(a) There is a definite advantage in getting the victim and the offender to a certified counselor for help. This provides help for the victim in learning to deal with the experience. Therapy provides help for the offender in managing and overcoming his or her abusive tendencies. It also can transfer the responsibility of reporting the criminal conduct from the workers to the certified counselor. We are not freed from the responsibility of reporting a case simply because we have referred the victim or the offender to another “mandated reporter,” which in this case is the counselor. We should visit with the counselor and come to an understanding that he or she will assume the responsibility of reporting (if the case warrants it) rather than ourselves. The counselor has training and resources to better determine if the case should be reported. Also, it puts us in a better position to help people on both sides of the issue if we have not done the reporting.

(b) It would be possible to go to a counselor alone without the victim or offender and convey the information that has come to us. This would work best in cases in which the counselor already has had some experience with our group and has reason to trust us. In this way, the counselor (a mandated reporter) is receiving information from a third party (in this case, the worker also being a mandated reporter) and then there would need to be an understanding and agreement that the counselor accepts the responsibility to “report” or “not report” rather than the worker continuing to have that responsibility. This is one of the optional routes in cases where the victim or offender is unwilling to see a therapist.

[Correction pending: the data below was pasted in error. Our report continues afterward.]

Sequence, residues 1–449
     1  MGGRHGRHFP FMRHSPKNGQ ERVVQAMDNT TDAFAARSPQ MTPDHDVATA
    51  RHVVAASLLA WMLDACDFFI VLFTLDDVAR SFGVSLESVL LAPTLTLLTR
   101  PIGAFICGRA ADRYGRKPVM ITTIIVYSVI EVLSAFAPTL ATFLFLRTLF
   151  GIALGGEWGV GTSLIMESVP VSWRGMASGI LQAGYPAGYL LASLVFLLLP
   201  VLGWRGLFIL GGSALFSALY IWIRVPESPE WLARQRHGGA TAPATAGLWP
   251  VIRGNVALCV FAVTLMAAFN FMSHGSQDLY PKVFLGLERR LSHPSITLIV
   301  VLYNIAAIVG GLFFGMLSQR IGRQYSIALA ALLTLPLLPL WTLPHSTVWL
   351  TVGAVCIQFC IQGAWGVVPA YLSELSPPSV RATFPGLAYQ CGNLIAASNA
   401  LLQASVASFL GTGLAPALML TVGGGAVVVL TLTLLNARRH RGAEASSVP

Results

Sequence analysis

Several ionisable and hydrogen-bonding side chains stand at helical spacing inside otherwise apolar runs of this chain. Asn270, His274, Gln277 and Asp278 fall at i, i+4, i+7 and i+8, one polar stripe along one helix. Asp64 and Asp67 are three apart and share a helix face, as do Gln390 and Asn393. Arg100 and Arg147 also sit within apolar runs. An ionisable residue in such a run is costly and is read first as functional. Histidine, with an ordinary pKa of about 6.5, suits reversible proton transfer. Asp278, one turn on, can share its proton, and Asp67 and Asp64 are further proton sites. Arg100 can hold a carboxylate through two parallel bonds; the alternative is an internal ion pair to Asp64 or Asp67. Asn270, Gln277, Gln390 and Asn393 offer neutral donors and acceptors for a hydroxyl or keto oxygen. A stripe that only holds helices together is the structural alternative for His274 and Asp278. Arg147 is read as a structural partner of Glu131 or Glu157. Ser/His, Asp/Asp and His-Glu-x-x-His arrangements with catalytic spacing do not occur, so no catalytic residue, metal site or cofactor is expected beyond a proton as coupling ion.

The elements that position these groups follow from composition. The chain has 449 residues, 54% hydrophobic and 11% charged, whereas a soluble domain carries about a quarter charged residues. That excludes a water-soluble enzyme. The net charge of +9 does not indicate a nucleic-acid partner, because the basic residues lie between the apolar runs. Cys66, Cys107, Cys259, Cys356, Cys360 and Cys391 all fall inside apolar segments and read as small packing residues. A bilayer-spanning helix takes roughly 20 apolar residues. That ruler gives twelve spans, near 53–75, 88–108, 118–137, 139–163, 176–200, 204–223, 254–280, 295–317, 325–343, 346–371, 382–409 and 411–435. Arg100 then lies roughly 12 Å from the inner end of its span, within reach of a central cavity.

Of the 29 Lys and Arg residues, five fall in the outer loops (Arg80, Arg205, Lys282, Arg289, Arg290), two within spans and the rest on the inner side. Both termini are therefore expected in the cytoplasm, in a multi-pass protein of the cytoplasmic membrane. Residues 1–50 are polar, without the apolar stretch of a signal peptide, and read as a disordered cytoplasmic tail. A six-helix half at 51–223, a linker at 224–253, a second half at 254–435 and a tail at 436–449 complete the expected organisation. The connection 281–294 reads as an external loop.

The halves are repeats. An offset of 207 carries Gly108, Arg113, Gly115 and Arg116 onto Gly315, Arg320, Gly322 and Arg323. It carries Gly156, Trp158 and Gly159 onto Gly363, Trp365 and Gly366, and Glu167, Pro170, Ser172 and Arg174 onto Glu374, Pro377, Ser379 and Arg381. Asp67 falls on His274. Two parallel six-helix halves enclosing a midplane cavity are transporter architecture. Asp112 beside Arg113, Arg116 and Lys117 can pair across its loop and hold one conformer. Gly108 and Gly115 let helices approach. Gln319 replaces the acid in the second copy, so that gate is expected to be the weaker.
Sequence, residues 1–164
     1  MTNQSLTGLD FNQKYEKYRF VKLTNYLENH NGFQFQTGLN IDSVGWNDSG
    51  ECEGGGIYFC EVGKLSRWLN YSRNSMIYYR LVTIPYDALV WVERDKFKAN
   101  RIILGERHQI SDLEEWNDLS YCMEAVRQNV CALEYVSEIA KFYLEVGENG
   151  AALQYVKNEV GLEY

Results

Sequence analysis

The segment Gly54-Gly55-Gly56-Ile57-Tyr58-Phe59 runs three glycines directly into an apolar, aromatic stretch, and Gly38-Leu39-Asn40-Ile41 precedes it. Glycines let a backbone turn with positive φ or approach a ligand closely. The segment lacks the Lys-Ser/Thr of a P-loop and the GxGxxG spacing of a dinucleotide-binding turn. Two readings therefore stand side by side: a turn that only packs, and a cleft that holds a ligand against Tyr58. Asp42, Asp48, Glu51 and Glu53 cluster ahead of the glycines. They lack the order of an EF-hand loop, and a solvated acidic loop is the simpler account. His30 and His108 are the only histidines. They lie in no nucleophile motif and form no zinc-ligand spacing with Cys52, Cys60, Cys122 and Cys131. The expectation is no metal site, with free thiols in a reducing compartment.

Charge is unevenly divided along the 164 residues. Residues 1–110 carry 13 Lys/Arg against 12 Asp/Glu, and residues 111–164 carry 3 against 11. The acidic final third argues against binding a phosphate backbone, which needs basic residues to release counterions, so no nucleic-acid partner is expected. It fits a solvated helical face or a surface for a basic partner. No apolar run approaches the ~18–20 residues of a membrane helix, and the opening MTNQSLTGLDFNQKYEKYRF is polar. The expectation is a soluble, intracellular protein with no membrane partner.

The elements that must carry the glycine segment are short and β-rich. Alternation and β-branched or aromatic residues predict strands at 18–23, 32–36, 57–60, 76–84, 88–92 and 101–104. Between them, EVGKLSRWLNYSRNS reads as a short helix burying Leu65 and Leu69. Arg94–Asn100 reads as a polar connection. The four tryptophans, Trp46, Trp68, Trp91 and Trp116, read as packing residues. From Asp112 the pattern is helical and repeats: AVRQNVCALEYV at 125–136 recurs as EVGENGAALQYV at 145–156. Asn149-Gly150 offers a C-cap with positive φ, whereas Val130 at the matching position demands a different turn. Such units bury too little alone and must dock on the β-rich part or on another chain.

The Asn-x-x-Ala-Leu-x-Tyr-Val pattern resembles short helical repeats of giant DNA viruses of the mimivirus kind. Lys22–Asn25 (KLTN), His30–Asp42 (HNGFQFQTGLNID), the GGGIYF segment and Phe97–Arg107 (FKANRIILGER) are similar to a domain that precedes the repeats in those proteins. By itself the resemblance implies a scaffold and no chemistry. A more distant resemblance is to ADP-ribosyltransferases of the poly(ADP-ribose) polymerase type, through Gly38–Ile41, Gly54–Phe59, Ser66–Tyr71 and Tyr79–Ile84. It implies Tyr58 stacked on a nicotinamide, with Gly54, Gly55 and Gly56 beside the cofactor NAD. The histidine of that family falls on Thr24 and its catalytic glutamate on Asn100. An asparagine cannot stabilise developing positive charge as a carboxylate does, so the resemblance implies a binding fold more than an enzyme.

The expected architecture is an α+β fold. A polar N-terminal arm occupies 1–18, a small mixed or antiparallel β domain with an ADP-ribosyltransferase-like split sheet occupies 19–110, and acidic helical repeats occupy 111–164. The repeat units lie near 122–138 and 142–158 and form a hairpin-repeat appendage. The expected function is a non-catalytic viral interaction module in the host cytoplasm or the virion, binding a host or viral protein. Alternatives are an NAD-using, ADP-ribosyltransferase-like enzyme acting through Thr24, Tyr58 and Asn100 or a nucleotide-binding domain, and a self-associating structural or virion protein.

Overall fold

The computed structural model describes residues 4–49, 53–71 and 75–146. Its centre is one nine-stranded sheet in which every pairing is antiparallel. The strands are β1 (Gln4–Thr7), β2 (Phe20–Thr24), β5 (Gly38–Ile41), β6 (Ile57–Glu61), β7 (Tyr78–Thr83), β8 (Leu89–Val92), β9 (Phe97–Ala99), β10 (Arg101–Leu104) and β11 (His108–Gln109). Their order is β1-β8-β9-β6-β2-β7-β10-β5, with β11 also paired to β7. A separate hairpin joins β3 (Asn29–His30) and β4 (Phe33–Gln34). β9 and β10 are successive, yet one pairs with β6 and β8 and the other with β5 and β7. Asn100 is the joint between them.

(c) Another option is to report the incident to Child Protective Services which is part of the county Social Services Department. They will keep the name of the reporter confidential. There is a difference in reporting the case to Child Protective Services rather than directly to a law enforcement agency. The difference is that Child Protective Services will send a social worker to evaluate the case and determine its severity. This is one step removed from the law and does not put the responsibility of determining the validity or severity of the case on the workers. Child Protective Services has “mandated reporter status” and will report the case to the law if the decision is made that way. Child Protective Services will also refer the victim and/or offender to therapy (counselors). However, the victim or offender would also have the option of seeking out therapy on their own.